Home battery rebate gets a major boost as demand for solar storage surges

Another $6 million is added to Queensland's Battery Booster rebate budget, which offers up to $4,000 off home energy storage.

Queensland Labor will tip a further $6 million into the state’s home battery rebate, boosting the scheme’s budget from $10 million to $16 million to meet surging demand for discounted rooftop solar storage.

The Miles government said on Monday that the up to $4,000 Battery Booster rebate has been a “huge success,” with more than 1,400 households so far granted conditional approval through the scheme – more than half of which (52%) are low income households.

The rebates, which are means tested, offer thousands of dollars off the price of an approved battery system of 6 kilowatt hours (kWh), or more, for households with a new or existing solar system of at least 5kW.

Households on an annual taxable income of less than $66,667 can get $4,000 cash back, while households with a combined annual household taxable income of $180,000 can apply for a $3,000 rebate.

The battery rebate adds to the state’s Climate Smart Energy Savers program, which offers between $300-$1,000 cash back on a range of appliances with energy-efficiency ratings of 4-stars or better.

That program was doubled from $22 million to $44 million due to its popularity in 2023, again with 54% of the total rebate fund issued to low-income households.

The push to push to drive home battery uptake, and to reduce household energy bills, comes as Queensland heads to the polls in October with cost of living high on the public agenda.

“We’re determined to assist Queenslanders with living costs in both the short and long term, and these programs aim to do both,” said state energy minister Mick de Brenni in a statement on Monday.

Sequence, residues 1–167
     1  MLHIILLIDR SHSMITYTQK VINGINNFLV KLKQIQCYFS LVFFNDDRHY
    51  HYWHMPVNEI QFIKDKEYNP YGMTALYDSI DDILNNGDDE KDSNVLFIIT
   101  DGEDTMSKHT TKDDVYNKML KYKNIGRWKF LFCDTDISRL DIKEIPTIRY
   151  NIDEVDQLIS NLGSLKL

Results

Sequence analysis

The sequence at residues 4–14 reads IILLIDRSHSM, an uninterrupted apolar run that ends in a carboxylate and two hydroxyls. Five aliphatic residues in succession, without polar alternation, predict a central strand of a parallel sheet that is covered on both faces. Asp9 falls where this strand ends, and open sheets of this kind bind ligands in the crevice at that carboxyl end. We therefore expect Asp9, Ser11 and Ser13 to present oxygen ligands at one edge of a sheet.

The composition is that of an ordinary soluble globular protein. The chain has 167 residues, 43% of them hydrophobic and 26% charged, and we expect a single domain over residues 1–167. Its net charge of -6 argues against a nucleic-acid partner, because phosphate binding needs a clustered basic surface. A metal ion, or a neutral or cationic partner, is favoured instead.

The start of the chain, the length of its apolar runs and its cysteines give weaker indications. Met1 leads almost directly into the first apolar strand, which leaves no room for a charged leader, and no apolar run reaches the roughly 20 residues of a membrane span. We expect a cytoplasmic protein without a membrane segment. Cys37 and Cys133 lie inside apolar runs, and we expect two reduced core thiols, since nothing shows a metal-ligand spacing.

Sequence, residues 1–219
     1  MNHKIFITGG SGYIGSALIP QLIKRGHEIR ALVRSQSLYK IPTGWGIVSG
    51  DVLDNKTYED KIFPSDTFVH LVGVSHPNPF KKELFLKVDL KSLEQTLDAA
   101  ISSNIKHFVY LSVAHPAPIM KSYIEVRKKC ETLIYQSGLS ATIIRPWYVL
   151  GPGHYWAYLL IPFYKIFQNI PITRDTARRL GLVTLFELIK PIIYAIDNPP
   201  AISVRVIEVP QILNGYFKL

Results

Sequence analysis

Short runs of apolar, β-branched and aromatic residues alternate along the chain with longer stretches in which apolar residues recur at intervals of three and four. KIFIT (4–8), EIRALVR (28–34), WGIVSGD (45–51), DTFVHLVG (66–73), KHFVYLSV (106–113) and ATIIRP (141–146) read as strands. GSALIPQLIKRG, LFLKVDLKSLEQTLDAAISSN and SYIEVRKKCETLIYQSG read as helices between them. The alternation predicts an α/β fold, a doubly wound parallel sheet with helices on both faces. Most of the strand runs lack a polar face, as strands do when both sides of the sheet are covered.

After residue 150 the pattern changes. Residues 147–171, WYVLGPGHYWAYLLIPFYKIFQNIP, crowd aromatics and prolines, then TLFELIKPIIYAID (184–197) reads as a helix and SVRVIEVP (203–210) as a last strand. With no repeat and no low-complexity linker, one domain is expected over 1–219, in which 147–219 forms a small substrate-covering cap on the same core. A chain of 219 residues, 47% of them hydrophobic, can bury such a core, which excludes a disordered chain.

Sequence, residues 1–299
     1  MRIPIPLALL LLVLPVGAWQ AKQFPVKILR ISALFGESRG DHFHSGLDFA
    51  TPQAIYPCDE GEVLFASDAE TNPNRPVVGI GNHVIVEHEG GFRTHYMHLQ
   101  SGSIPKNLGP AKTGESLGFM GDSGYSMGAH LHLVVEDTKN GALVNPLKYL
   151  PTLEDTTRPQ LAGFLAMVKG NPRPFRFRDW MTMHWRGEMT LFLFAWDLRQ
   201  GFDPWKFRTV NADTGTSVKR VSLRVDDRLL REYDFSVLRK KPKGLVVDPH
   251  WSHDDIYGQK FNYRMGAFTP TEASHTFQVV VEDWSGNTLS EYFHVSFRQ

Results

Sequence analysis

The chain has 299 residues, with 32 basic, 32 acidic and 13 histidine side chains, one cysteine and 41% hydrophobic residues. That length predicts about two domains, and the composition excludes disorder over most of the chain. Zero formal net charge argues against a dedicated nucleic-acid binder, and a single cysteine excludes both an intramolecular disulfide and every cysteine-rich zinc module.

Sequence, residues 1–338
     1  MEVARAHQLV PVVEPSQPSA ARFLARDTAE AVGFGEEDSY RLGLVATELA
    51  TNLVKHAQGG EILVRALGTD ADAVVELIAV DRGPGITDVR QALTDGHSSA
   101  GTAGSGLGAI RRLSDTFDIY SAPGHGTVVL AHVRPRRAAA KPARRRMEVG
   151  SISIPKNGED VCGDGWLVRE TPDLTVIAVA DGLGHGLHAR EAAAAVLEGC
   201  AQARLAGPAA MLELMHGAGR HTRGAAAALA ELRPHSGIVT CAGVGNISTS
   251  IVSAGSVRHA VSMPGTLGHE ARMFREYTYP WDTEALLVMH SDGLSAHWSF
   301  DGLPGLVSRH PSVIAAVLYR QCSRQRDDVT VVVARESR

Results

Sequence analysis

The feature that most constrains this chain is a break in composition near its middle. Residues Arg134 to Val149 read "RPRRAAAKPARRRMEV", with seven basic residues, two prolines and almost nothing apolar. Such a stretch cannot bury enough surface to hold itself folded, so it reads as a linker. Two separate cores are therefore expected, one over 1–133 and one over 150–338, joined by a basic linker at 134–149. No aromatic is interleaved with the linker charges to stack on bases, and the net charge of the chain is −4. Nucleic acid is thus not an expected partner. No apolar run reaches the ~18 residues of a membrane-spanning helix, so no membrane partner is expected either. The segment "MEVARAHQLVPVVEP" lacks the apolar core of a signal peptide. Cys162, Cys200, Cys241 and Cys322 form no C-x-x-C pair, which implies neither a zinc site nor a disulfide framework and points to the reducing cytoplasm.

“These programs allow low-to-middle income families to have more control over their energy usage, and allow for savings all year round.

“These programs are not only assisting to put ongoing downward pressure on electricity prices for households, but they’re also helping Queensland reach its emissions reduction target of 75% below 2005 levels by 2035,” de Brenni said.

Queensland Conservation Council senior campaigner, Stephanie Gray, says government initiatives that promote the uptake solar, batteries and energy efficient appliances can tackle high cost of living and climate change at the same time.

“Increasing the energy efficiency of Queensland homes is a simple way to slash power bills, bring down emissions and reduce stress on the grid at peak times.

“We know from Climate Council research that Queenslanders could save more than $800 per year just from swapping out gas hot water for a solar hot water system.”

This article was first published by One Step off the Grid. You can read it here.

Sophie Vorrath
Editor, One Step Off the Grid
May 26, 2024
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